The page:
For some local undocumented youths who have long wished to pursue a college degree, but never thought they could afford to do so, the dream has now become a little more tangible. On Wednesday night, the Governing Board of Pima Community College agreed to dramatically cut tuition costs for young undocumented immigrants accepted into the federal Deferred Action for Childhood Arrivals program who can prove residence in the state for at least one year. The cost to attend PCC full time for these individuals will now be cut from approximately $9,000 annually to $2,000. The change will go into effect for the fall 2013 semester.
For undocumented youth throughout the United States, the issue of receiving in-state college tuition has long been a particularly important one, as for even many of the best and brightest students, the lack of legal residency can be an impossible financial roadblock to the pursuit of higher education. Currently, just 12 states have programs in place to allow undocumented immigrants who meet certain criteria to apply for in-state tuition. Six states, including Arizona, have passed legislation officially barring undocumented students at public colleges and universities from receiving this benefit.
In November, 2006, voters in Arizona approved Proposition 300, a referendum stating that all individuals in the state who are not legal permanent residents or U.S. citizens are ineligible for financial aid and in-state tuition. It was the Obama administration’s introduction of the Deferred Action program that opened the door for PCC to change course from Prop 300 and begin offering these benefits to some students.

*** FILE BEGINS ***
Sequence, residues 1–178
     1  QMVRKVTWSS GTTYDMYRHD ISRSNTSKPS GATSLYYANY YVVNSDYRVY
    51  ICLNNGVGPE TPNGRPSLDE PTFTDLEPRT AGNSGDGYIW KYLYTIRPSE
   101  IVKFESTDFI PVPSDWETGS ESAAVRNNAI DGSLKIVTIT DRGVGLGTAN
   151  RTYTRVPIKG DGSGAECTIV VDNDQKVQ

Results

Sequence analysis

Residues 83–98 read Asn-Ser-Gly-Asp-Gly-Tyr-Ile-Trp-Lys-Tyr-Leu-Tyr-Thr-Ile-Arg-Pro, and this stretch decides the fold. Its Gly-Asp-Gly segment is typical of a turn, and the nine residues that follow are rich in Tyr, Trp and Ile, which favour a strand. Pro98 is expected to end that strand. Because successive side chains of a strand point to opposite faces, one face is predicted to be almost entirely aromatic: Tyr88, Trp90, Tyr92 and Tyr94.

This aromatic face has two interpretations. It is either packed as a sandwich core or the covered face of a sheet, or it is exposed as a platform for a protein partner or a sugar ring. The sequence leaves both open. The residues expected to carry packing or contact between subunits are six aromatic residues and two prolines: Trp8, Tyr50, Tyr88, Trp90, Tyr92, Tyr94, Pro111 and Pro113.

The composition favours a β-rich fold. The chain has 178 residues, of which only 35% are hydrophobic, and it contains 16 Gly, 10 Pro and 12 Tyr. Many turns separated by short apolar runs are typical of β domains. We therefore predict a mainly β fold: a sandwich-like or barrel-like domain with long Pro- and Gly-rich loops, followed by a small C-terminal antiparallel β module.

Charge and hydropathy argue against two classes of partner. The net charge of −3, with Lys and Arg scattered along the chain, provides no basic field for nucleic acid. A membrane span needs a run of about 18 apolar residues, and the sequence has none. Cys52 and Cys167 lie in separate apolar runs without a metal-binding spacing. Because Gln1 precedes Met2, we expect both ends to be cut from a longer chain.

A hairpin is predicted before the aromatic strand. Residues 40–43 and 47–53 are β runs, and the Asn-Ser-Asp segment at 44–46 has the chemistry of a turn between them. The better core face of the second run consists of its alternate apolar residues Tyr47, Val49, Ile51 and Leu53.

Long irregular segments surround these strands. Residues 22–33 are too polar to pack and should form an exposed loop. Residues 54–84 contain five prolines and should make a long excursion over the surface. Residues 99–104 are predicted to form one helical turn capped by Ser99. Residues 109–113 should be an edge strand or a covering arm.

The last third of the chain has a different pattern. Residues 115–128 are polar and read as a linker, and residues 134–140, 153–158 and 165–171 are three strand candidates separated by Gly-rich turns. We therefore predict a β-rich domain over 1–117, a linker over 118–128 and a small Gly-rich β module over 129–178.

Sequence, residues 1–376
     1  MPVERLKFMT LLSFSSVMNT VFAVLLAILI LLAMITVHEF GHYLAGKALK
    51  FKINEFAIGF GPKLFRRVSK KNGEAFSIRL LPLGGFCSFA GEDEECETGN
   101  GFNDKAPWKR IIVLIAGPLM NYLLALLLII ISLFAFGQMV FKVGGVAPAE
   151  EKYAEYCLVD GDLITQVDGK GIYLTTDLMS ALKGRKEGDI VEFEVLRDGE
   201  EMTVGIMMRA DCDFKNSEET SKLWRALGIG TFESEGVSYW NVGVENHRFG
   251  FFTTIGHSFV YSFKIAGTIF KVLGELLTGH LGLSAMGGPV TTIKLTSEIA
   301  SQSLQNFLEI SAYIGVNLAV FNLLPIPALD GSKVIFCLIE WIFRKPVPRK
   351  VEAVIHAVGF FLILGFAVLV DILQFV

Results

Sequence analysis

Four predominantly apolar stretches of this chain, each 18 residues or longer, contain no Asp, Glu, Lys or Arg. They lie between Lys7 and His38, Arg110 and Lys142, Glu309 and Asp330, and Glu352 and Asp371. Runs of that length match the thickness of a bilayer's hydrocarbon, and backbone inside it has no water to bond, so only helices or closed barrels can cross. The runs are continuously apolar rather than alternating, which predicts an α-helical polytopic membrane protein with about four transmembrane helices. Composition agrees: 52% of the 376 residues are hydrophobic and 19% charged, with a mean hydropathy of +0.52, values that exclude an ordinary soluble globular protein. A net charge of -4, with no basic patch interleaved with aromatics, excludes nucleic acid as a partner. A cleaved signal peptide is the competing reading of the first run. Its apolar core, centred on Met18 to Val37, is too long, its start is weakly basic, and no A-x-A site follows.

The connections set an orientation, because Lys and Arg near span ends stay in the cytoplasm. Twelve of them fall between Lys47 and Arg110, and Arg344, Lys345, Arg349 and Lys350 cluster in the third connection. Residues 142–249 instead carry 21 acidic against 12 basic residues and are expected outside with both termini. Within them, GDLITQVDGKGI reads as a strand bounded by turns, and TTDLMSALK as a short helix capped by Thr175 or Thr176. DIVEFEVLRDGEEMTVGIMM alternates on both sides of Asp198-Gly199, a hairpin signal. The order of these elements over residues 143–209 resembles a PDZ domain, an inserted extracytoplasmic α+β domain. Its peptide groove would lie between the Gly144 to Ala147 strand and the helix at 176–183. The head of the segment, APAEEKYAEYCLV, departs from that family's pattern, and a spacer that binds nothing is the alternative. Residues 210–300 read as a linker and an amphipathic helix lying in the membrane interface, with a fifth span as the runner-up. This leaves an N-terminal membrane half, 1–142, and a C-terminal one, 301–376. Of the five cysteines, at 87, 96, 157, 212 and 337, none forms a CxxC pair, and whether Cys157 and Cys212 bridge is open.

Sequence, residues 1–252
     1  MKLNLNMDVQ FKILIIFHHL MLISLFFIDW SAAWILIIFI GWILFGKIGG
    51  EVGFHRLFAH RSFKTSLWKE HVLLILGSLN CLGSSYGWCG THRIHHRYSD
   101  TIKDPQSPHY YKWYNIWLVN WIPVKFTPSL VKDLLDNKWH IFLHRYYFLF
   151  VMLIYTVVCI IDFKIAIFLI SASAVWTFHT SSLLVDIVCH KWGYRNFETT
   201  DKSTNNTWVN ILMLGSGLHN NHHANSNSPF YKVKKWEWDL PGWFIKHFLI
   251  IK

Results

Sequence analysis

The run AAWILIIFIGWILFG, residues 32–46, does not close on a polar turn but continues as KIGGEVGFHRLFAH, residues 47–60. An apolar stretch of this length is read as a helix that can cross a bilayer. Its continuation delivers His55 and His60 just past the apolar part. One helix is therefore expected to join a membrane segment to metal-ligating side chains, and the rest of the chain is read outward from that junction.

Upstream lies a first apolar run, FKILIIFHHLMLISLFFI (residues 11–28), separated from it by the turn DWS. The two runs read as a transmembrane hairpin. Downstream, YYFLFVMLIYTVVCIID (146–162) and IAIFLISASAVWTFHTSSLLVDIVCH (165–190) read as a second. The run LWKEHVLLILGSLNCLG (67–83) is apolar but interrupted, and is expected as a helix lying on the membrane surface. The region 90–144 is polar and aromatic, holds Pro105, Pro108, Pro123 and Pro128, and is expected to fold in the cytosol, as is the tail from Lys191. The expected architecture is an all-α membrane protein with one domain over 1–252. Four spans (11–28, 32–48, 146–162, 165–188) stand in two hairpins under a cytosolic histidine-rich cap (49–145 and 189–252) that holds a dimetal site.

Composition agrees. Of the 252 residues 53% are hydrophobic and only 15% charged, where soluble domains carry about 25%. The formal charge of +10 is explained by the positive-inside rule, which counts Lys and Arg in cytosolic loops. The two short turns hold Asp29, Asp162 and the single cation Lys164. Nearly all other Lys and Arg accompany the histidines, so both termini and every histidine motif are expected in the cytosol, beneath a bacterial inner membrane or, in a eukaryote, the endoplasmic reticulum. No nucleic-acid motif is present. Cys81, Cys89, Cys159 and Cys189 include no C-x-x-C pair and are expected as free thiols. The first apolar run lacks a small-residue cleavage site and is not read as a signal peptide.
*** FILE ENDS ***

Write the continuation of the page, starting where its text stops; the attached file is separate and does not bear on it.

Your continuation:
Proponents of in-state tuition for undocumented immigrants argue that by offering these individuals the opportunity to attend college, it benefits not just the students themselves, but the state as a whole. The cost to the state is negligible, and the discounted tuition that this population pays in tuition can be a financial boon to the school. In addition, increasing the number of college educated workers in the state is crucial to maintaining a strong Arizona economy.
However, the issue inevitably has its detractors, as well. The main argument against offering in-state tuition to undocumented immigrants is that such an act violates the limits our country has imposed on the rights of non-citizens. In addition, opponents also argue that it is potentially detrimental to U.S. citizens to have to compete with non-citizens for college admittance and financial aid.
PCC is the second community college in Arizona to offer in-state tuition to undocumented students. Maricopa County Community College has already made the move. The University of Arizona and other state universities continue to deny in-state tuition to unauthorized residents.